If you read my last post - I mentioned that there were some issues with my outfit. Unfortunately it's not the first time that my choice of clothing has been questioned but I couldn't quite put my finger on what the 'issue' was. It took 3 years, but it finally revealed itself - it's my size.
There was a dress code at my job and in addition to the dress code I made a point to dress appropriately (cleavage, skirt length, etc) because whether I realize it or not the female students take cues from the female faculty. I see it all as an opportunity to mix classics with on trend pieces and still make the dress code work for me as well as adhere to the rules.
Or so I thought.
I've seen some of my other colleagues wear sky high heels, short skirts, and too-tight clothes. But when I wear 4" heels, pencil skirt, or anything not the "New England Norm" I always get a 'magical' email, meeting or raised brow. Most of the older adults dress conservatively, but that's their choice if I want to wear bright colors, mix prints or do my hair differently I don't think that should be a cause for concern.
It took my awhile but eventually it started to make sense - if you are not used to 'difference', then anything outside of the norm (size 0-10) rocks the boat. Basically, it felt like there was a different dress code standard for me ( a plus size woman) from my straight size counterparts. If I'm not hiding underneath bulky clothing and instead I'm comfortable with showing legs or arms (gasp!) then those around me can just deal with it.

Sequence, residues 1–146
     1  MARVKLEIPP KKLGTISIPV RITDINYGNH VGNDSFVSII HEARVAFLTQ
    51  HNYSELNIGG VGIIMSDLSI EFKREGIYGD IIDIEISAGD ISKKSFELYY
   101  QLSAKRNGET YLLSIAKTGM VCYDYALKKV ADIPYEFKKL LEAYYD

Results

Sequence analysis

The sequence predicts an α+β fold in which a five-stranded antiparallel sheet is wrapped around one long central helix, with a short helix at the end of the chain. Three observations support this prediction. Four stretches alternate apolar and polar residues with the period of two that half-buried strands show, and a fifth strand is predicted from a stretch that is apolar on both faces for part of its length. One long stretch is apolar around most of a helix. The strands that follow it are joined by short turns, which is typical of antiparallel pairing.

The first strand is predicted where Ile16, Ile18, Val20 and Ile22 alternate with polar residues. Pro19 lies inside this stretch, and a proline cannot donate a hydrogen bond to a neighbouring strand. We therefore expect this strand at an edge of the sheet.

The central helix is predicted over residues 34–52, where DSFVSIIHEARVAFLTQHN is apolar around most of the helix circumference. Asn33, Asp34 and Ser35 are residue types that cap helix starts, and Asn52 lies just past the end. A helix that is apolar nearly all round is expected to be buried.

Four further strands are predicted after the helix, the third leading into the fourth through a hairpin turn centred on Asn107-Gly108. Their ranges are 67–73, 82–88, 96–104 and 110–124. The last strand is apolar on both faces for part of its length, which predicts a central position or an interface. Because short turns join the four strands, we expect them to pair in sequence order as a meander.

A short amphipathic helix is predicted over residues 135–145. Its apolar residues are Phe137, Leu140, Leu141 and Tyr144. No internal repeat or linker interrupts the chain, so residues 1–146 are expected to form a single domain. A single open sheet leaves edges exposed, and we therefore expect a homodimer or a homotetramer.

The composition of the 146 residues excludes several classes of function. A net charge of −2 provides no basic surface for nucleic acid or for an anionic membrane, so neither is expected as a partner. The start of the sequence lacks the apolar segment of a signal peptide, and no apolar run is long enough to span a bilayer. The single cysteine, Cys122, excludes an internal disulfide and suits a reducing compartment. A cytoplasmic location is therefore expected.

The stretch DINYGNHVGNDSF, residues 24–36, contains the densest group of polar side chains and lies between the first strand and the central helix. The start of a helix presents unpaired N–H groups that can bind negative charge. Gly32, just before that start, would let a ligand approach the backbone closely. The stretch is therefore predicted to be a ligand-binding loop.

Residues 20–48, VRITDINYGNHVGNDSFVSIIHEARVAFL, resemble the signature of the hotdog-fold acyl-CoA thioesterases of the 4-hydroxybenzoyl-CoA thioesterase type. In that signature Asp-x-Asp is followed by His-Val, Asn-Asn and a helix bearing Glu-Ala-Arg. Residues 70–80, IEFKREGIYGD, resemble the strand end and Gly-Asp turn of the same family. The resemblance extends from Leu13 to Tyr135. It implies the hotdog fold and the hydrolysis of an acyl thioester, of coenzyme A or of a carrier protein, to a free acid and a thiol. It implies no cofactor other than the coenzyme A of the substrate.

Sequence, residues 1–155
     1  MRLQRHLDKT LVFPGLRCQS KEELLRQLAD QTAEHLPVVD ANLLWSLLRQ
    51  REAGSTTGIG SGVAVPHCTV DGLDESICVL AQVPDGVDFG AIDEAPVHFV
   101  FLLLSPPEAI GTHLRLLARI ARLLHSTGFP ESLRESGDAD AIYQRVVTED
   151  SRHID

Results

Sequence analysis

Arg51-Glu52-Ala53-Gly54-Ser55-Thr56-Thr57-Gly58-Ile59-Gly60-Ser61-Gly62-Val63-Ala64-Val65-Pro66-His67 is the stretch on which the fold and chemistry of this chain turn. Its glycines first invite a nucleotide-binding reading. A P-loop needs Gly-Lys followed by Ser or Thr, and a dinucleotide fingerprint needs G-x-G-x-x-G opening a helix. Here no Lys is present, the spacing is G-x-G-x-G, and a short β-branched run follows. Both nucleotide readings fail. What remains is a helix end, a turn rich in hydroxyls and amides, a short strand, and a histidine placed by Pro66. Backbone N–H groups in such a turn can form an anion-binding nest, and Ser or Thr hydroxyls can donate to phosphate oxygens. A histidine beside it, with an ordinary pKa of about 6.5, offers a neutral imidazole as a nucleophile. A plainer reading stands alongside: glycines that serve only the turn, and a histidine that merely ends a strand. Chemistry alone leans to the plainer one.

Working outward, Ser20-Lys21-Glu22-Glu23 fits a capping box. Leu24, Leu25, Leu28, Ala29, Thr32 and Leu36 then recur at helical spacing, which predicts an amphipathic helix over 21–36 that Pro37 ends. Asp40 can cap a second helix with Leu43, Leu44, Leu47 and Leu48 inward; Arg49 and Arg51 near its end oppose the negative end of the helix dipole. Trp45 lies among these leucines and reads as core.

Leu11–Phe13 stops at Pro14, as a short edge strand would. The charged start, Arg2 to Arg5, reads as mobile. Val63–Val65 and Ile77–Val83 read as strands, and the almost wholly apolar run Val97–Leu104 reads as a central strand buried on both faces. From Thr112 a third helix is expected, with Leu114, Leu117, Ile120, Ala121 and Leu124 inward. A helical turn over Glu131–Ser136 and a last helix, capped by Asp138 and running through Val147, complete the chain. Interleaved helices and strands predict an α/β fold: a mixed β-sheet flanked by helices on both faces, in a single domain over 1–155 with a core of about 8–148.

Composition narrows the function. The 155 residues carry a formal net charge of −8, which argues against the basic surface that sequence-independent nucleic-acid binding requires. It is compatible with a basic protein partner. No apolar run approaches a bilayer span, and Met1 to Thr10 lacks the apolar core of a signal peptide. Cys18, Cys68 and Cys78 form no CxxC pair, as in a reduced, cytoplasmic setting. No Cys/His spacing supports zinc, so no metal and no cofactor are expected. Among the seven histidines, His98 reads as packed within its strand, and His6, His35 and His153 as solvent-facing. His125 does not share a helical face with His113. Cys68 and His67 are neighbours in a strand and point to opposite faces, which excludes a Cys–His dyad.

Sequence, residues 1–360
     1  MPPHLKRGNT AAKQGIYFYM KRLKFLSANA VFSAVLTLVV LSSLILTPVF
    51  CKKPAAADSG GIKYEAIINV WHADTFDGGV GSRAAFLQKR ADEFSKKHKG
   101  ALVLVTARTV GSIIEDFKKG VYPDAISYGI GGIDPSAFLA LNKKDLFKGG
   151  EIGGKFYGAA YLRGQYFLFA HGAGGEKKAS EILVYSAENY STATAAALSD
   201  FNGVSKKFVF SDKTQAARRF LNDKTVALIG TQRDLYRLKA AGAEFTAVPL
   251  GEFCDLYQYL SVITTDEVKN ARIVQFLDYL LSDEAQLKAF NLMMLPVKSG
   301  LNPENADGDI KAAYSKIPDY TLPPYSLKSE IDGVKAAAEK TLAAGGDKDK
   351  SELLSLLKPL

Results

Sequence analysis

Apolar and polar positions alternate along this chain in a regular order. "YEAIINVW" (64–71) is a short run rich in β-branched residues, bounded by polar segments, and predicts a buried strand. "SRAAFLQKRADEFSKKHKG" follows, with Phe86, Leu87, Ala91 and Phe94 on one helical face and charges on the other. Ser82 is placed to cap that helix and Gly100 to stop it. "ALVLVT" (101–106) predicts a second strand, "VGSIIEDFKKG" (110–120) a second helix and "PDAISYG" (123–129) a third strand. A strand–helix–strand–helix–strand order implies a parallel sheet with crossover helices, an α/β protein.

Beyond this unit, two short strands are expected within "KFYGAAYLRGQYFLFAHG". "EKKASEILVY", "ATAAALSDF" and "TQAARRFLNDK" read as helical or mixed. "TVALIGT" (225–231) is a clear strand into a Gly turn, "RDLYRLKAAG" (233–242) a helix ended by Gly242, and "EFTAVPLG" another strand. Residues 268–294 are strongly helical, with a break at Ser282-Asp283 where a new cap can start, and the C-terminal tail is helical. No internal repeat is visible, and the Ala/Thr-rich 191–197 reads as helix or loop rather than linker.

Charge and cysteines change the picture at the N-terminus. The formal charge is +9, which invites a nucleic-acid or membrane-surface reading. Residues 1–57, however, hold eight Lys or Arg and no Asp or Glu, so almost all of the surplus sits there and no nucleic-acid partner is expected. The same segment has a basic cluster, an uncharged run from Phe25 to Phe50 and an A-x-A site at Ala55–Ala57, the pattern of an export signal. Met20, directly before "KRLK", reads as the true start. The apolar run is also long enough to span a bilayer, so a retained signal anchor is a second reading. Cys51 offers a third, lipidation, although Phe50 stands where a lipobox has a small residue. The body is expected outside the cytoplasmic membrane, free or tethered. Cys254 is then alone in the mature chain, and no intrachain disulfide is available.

It wasn't until the auction night when someone asked me if I thought that a "woman of my size" should wear shoes like the ones I wore that years of uncertainty and uneasiness became clear. And that's when it all came together - my clothing and my confidence made those around me uncomfortable because they were not used to it. What did my size have to do with anything?
My role at my job dealt with issues of diversity and equity so this realization shouldn't have alarmed me the way it did. I dealt with issues of race, ethnicity, gender and sexuality but only minimally with sizeism and now I was trying to sort out how to deal with it in my own situation. How do you express to those you work with that they are discriminating based on someone's size? I'm still trying to figure out the answer.
How do you or would you teach adults, especially those you work with that sizeism is a form of ignorance? Have you ever felt that the dress code at your job or school is different for plus-sizes?
~Luvin' My Curves